First of all, the history of the United States has long been synonymous with personal liberty and freedom of expression, and over the centuries this country has been a beacon for those suffering oppression all over the globe. However, the past two years of ridiculous personal restrictions that have been poorly justified as public health measures and the earlier advent of a pervasive national surveillance state that scans our mail, tracks our movements, photographs our license plates, monitors our online activities, and seeks to censor our public expression has called the basic premise of the American experiment into question.
Americans in early 21st century America have learned that to ask questions is to invite trouble, so many now find it safer and easier to sullenly acquiesce, which is a dangerous trend that empowers demagogues who violate our Constitution and herd us toward their own perverse vision of an slavishly obedient utopia.
In addition, America was also once known as a place on our troubled planet where the rule of law was as rigorously applied as was possible for imperfect humans to manage. Insiders, unsurprisingly, could many times find ways to wriggle free of punishment for their misdeeds, but the police and the courts generally worked to apply the law with as even a hand as they could manage given the inevitable political pressures placed upon them by those with money and power.
Sadly, a near-Biblical plague of Woke District Attorneys has decided that enforcing existing laws runs contrary to their dilettantish ideas regarding social justice, which has resulted in a frightening disconnect between crime and punishment in many of our beleaguered—and increasingly lawless—major cities. Fashionable but facile ideas about the innate goodness of felons, who apparently require only a stern admonishment to restore them to the path of unfailing righteousness, are putting citizens and property at risk, but this seems of little consequence to those whose privileged positions insulate them from the deadly consequences of the brain dead policies they blithely advocate.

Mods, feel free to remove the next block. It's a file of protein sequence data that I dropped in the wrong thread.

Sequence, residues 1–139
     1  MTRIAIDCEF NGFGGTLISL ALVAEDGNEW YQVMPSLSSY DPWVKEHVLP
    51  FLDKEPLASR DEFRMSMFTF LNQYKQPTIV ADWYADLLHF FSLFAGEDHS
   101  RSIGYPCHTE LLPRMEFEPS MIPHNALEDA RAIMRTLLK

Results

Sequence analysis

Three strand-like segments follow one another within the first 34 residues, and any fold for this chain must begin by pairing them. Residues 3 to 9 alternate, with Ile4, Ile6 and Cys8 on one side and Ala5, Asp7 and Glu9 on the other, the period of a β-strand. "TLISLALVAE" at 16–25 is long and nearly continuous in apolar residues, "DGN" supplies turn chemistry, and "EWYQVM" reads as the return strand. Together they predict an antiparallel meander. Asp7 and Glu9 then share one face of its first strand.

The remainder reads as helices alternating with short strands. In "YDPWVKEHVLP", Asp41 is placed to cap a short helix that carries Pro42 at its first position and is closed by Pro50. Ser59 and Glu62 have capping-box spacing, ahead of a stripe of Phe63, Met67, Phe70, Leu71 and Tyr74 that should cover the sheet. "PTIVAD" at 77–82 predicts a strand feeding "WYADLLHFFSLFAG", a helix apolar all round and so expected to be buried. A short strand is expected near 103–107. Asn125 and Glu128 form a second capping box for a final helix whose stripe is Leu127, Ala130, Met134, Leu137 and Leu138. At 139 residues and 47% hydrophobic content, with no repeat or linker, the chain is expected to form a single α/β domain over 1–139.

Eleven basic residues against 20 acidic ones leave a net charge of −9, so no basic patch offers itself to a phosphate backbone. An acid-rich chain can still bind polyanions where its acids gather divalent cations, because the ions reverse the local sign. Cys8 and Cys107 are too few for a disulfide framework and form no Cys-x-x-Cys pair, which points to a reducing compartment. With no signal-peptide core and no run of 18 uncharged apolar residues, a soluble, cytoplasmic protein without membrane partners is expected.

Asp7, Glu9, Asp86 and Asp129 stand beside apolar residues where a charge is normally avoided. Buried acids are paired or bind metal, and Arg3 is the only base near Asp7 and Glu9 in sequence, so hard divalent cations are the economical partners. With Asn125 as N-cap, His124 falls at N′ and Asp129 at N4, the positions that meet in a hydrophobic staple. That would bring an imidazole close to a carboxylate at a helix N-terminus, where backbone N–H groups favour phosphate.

Finally, American democracy itself now seems imperiled by moneyed special interests groups and billionaire autocrats that use their wealth to buy the attention and favor of elected officials, minions who thereafter use the powers of their offices to do the bidding of their masters—not the people. Moreover, it now seems impossible to do or say anything in America without bumping into a busybody bureaucrat waving a rule book, so participation in our democratic processes seems more and more the playground of attorneys and well-funded pressure groups who care for little else than satisfying their own client bases. Government of the people, by the people, and for the people is rapidly becoming a distant memory rather than a living reality.
The sheer inability—or simple unwillingness—of many to see beyond the narrow confines of their own particular interests in order to consider the needs of our country as a whole has led to a rampaging case of national gridlock and parochialism that has paralyzed our search for reasonable consensus regarding a host of problems afflicted our country today.
America cannot thrive if our nationhood is merely a mechanism to cruelly and callously insult one another as a pretext for extracting money and privilege on behalf of one aggrieved constituency or another. However, this is exactly where we find ourselves today.
Too many Americans hate everyone else and, due to their our self-righteousness and insularity, consider themselves to be superior beings by virtue of their very loathings. Too many Americans feel they deserve a government handout to assuage their anger. Too many Americans ignore the real pain their unreasonable words and demands inflict on our country as a whole. Our present path is the short route to a national break up and bankruptcy—and too many of our leaders today are pushing America to the very brink of catastrophe.
The changes we require will need to start with each of us because we are the last chance for our nation. Whether this is still possible is an answer we shall have in very short order.